Conserving Andean bears and Andean culture in southeast Peru

Interactions between Andean bears and people may have serious consequences for the bears. The killing of bears in response to damages is thought to be one of the key threats to the conservation of Andean bears. Although these bears are not aggressive towards people, they sometimes raid fields of corn or groves of avocado or attack livestock.

I understand why a rural farmer who has suffered economic pain might retaliate towards a bear. As a scientist who developed in North American culture, this kind of thinking, which is almost mathematical, seems natural to me. Other ways of thinking also affect the conservation of Andean bears.

Anthropologists who study the pre-Hispanic Incan culture emphasize three animals as symbols: the Andean condor, the puma, and the boa. However, after working for years in the heart of the Inca empire, the Cusco region, I’ve seen that the Andean bear remains an important part of traditional culture there.

In the Quechua language of Cusco the Andean bear is called “ukuku”. However, an ukuku is more than a bear and it may threaten more than just economic losses. In the Cusco region there are legends of ukukus capturing women, as portrayed in the 1961 Quechua language film “Kukuli”, based around one of the towns we pass through on the way to our field sites.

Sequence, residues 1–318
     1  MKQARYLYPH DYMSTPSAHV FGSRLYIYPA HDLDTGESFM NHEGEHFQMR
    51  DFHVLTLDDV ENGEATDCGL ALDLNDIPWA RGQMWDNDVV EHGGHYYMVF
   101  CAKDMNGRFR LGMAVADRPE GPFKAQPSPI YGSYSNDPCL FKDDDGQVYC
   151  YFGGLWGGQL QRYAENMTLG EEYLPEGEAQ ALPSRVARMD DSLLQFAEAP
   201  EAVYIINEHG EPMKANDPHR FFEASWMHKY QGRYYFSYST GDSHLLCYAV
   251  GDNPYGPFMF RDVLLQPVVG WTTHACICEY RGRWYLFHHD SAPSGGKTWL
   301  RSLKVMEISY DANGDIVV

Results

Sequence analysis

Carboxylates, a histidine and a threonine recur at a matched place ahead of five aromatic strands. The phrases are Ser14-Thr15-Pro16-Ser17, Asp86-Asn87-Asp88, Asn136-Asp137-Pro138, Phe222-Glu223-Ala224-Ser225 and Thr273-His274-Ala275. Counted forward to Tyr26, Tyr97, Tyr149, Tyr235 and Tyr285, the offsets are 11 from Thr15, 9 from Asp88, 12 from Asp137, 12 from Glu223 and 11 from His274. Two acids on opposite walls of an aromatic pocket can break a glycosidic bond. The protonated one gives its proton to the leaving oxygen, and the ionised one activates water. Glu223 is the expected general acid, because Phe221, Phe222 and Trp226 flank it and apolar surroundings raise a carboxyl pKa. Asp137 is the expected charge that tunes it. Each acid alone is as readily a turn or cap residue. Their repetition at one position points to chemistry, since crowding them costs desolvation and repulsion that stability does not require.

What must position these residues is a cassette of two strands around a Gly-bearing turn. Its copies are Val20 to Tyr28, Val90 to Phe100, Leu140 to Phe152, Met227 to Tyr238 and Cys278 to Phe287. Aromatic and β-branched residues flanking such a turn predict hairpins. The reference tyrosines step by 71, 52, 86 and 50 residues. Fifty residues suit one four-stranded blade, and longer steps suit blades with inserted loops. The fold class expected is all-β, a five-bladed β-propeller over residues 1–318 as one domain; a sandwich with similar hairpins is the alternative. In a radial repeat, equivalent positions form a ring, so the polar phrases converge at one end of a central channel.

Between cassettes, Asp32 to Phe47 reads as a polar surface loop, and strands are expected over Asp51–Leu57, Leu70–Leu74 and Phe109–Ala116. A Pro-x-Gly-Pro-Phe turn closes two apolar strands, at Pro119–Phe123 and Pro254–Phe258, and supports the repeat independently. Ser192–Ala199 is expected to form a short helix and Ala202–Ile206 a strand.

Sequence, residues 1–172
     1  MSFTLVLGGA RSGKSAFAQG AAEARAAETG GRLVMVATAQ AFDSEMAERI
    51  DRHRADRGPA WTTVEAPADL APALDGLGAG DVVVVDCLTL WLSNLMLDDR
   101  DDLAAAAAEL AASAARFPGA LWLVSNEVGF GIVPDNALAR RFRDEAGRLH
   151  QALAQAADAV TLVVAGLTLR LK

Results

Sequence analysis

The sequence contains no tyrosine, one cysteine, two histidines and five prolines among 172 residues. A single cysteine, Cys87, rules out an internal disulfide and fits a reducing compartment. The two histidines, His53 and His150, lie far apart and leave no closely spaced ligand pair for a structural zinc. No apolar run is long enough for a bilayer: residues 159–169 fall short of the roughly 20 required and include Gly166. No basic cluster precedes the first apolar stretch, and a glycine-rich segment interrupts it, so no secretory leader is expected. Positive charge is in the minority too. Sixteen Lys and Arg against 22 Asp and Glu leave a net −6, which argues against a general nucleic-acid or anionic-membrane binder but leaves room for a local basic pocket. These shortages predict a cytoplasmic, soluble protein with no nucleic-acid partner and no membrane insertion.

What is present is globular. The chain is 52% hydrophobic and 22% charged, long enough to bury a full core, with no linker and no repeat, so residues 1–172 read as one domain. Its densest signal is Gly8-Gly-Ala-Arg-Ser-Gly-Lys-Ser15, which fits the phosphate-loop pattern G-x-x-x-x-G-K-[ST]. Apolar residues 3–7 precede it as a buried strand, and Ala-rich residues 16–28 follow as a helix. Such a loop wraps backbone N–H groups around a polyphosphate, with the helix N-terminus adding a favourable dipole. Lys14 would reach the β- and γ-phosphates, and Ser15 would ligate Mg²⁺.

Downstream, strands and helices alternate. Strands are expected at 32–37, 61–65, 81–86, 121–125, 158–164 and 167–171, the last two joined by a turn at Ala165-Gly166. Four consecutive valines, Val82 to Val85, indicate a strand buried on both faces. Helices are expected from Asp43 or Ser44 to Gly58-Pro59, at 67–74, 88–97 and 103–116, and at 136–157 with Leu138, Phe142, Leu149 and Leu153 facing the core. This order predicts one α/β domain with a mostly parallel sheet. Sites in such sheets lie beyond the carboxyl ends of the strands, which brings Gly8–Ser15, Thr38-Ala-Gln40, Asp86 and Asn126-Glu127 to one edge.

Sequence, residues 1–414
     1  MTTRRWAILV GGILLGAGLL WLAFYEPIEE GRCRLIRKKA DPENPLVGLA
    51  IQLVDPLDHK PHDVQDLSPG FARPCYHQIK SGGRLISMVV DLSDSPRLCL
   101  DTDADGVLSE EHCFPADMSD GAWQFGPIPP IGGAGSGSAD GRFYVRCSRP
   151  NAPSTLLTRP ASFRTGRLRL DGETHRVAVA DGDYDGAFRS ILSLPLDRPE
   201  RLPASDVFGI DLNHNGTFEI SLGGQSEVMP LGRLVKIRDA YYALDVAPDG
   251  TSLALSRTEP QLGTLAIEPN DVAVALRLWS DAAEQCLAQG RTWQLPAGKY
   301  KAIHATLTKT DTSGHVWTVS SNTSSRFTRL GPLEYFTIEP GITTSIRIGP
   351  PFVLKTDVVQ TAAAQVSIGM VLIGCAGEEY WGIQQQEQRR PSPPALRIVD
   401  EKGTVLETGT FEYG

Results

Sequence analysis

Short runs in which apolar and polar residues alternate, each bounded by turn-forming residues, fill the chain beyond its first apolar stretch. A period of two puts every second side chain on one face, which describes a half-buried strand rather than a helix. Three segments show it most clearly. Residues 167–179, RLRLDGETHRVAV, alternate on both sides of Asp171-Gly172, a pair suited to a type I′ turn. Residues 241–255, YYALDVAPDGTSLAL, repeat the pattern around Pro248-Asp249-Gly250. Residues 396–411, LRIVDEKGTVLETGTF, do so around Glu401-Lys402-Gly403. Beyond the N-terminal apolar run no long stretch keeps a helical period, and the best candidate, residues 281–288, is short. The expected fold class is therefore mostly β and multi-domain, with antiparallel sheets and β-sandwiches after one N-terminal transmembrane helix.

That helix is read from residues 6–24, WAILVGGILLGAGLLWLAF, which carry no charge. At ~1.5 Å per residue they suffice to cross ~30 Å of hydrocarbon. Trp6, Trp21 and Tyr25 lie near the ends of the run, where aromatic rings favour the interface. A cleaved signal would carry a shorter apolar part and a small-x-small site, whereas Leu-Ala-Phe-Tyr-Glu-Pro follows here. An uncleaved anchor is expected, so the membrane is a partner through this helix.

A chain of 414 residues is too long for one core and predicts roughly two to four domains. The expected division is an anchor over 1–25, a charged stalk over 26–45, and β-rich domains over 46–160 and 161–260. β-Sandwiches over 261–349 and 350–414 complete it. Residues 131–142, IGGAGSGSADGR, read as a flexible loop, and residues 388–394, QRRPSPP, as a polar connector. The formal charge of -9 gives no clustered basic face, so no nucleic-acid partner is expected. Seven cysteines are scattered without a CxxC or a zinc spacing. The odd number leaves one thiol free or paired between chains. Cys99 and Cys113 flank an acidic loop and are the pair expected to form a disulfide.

At the same time, an ukuku is also a traditional folk figure that shares some traits with trickster gods in other cultures, such as Coyote, Loki, Nanabozho, or Raven. When dressed as an ukuku, a person seems to be perceived as more than a human, but less than a god. They are also simultaneously, somehow, a bear. My training in biology does not help me understand this.

Ukukus, as humans/bears/demigods, play important roles in some celebrations that blend Christianity with older beliefs. Before the arrival of Europeans, snow-capped mountains in the Peruvian Andes were sacred sites. Ukukus still link believers to a glaciated mountain during one of the largest annual ceremonies in southeast Peru: the pilgrimage of Qoyllur Rit’i (Star of the Snow).

In this event, thousands of the faithful walk for miles in an overnight pilgrimage up a high elevation valley. From the main encampment, costumed ukukus used to hike to the glacier, harvest ice, then bring it down the mountain to be used as holy water. I’ve been telling myself for 10 years that someday I will find a way to participate in the pilgrimage of Qoyllur Rit’i, but I have missed out on the full experience. Ukukus continue to play a key role in this expression of belief and culture but something critical is now missing: ice. The glaciers have retreated as the climate has changed so, after hundreds of years of pilgrimages, to conserve the ice that is left the ukukus have stopped collecting ice.

The ice may be gone before I walk for Qoyllur Rit’i. I may never fully grasp everything that an ukuku can symbolize to a traditional Andean highlander. However, I hope that efforts to conserve Andean bears are successful enough that in 100 years the ukuku still has meaning to Andean people in southeast Peru.